We used to think of the Moon as a bone-dry desert – but new research suggests it could one day become a base for humanity to live and to explore the solar system.
Two teams of Open University space scientists have discovered ‘significant’ amounts of water in samples of Moon rock – raising the possibility that the moon will one day support long-term colonies of scientists, explorers and even miners.
The OU findings are among a raft of new research on the Moon, unveiled at the European Lunar Conference organised by the OU in May.
The two OU teams, led by PhD researcher Jessica Barnes, and post-doctoral research Dr Romain Tartèse, found the water in lunar rocks containing the mineral apatite, gathered by the Apollo missions of the late 1960s and 1970s.
Water was already known to exist in small quantities within volcanic glasses in lunar soil, but these are rare, whereas apatites are common.
It may not yet be time to order that Moon villa with a pool, but if there is water in useable quantities it will remove one of the key obstacles to humans living in lunar colonies for extended periods.
Why live on the Moon?
As our nearest neighbour, the Moon is relatively easy to reach, and once there we can do things that would be much more difficult to do on Earth.
The pull of gravity is only one-sixth of Earth’s, so launching probes further into space will require far less power – remember the Apollo lander vehicles rising easily from the lunar surface?
The Moon would be a great base for researchers, as there is no atmosphere to block incoming radiation from stars and other objects of interest in space.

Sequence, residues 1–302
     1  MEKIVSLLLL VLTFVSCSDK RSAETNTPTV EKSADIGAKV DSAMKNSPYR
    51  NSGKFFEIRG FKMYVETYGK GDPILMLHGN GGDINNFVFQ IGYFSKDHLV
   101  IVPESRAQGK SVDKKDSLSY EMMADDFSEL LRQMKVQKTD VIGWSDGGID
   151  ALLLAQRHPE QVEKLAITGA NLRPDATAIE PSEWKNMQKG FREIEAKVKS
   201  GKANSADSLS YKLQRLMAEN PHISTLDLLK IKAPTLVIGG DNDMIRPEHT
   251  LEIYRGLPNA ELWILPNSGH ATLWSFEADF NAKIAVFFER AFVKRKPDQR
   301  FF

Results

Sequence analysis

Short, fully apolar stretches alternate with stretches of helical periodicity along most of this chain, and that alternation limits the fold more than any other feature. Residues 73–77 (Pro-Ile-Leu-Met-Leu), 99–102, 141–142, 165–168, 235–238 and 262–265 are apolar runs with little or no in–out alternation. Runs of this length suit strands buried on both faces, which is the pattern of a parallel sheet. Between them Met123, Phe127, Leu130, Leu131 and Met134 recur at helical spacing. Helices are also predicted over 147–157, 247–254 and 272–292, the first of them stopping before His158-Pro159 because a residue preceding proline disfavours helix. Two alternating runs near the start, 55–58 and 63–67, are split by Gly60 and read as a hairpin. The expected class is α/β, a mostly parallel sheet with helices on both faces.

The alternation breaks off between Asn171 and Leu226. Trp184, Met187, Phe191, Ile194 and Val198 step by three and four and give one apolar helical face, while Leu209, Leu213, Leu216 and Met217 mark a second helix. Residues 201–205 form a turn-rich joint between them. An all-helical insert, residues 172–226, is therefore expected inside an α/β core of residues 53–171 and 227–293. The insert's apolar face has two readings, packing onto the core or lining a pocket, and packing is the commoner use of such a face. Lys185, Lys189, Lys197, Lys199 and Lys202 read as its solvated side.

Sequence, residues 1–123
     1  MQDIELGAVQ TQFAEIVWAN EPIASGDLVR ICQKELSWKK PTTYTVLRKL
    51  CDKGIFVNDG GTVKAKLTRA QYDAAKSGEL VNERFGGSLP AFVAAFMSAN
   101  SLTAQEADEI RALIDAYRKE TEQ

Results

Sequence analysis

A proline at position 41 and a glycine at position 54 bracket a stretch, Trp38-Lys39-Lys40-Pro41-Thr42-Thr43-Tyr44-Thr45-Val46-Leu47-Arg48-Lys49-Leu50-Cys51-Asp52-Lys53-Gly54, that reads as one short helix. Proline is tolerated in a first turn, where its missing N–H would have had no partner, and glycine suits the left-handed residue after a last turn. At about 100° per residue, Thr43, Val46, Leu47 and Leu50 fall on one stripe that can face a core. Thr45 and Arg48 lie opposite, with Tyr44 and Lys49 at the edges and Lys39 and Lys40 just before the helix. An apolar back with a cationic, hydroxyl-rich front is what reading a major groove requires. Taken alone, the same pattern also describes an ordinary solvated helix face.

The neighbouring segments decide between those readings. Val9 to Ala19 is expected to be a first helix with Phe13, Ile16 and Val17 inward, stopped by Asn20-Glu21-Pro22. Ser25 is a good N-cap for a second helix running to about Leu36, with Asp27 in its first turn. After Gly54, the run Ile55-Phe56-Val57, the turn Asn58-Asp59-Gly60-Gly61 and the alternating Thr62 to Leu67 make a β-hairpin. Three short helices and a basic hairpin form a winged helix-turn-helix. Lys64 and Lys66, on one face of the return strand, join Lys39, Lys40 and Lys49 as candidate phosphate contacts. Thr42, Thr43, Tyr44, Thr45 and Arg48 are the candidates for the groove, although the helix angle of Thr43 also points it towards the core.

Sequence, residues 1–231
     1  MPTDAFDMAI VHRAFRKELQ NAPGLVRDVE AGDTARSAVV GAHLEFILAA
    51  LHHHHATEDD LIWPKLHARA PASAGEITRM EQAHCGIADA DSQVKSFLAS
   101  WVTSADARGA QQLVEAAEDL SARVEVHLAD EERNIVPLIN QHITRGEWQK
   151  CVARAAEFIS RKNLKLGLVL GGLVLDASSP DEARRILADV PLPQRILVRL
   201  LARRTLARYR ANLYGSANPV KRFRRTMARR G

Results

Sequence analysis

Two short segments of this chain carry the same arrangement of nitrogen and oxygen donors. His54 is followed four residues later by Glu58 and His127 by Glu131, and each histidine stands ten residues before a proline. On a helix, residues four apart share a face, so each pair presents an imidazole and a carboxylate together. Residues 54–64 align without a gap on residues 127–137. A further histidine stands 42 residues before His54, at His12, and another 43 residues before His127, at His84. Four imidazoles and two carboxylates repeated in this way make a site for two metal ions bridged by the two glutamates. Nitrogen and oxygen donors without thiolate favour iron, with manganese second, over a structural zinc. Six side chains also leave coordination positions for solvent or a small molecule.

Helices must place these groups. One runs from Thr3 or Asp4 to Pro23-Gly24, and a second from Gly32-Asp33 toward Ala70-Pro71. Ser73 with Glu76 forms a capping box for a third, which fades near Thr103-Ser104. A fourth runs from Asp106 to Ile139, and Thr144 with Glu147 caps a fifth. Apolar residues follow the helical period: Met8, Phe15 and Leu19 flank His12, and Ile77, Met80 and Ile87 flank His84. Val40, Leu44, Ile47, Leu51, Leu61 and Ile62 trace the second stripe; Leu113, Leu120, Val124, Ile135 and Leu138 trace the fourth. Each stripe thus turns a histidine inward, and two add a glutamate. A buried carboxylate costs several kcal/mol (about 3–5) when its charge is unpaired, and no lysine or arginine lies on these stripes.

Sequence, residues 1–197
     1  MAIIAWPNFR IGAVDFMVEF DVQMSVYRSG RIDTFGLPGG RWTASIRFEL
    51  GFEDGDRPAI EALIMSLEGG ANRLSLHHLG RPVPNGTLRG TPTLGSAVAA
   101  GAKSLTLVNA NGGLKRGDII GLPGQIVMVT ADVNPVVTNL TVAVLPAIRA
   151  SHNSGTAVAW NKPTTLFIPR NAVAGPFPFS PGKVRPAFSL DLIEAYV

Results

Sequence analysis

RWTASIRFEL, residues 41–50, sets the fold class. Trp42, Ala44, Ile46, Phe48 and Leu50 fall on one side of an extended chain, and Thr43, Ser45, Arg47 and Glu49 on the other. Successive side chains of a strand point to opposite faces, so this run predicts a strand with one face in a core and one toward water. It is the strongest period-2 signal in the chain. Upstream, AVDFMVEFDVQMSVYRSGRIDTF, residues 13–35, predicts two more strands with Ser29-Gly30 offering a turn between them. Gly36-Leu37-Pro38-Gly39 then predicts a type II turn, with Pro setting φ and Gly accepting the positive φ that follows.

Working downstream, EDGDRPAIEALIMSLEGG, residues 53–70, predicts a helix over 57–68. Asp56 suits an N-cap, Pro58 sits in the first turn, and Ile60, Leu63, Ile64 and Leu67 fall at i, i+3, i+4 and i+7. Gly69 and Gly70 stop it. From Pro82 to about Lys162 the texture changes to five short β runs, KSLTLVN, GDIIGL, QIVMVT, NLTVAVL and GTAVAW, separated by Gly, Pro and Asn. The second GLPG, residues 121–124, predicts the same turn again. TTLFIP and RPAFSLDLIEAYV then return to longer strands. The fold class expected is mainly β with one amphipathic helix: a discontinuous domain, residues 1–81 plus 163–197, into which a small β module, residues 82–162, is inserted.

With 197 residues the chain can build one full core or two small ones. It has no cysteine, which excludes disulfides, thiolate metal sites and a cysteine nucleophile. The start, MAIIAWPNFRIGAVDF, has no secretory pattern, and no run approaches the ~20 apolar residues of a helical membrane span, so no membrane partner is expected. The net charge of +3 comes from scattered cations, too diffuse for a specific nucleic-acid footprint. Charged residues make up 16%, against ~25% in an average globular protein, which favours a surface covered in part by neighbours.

As the Lunar Symposium revealed, decades of relative neglect have been replaced in the last few years by an upsurge of interest in the Moon – with US space agency NASA actively exploring options for building a lunar base.
The OU’s best-known space scientist Professor Colin Pillinger, who sadly passed away in May, contributed to our expansion into the solar system by heading the UK Mars mission Beagle 2. In a tribute to his memory, NASA announced a rocky outcrop on Mars, currently being explored by the rover vehicle Opportunity, has been named Pillinger Point.
Despite his world-wide fame for Mars research, Professor Pillinger’s scientific reputation was built on decades of work analysing a range of extraterrestrial objects, including moon rocks.
There’s also interest from commercial companies who believe it could be a source of valuable minerals, and the OU could develop the technology to help these agencies find their answers, as the Lunar Symposium revealed.
The OU’s Dr Simeon Barber unveiled a miniature chemical laboratory to analyse water ice and other materials on the Moon. Called the Lunar Volatile Resources Analysis Package (L-VRAP), it’s designed to fit on a lunar lander vehicle.
Scientists led by the OU’s Dr Mahesh Anand are experimenting with a system for building human habitations on the Moon using locally-sourced materials and 3D concrete printing. This would reduce the need to transport large quantities of building materials from Earth.
Moon mysteries remain
But there is still much to discover about our mysterious neighbour, as the OU scientists admitted. Their findings of lunar water have deepened the puzzle about the Moon’s history and origins.
When they analysed the isotopic composition of the Moon water they found that it is almost identical to water on Earth – suggesting the water in both places came from the same source. As yet, this can’t be explained.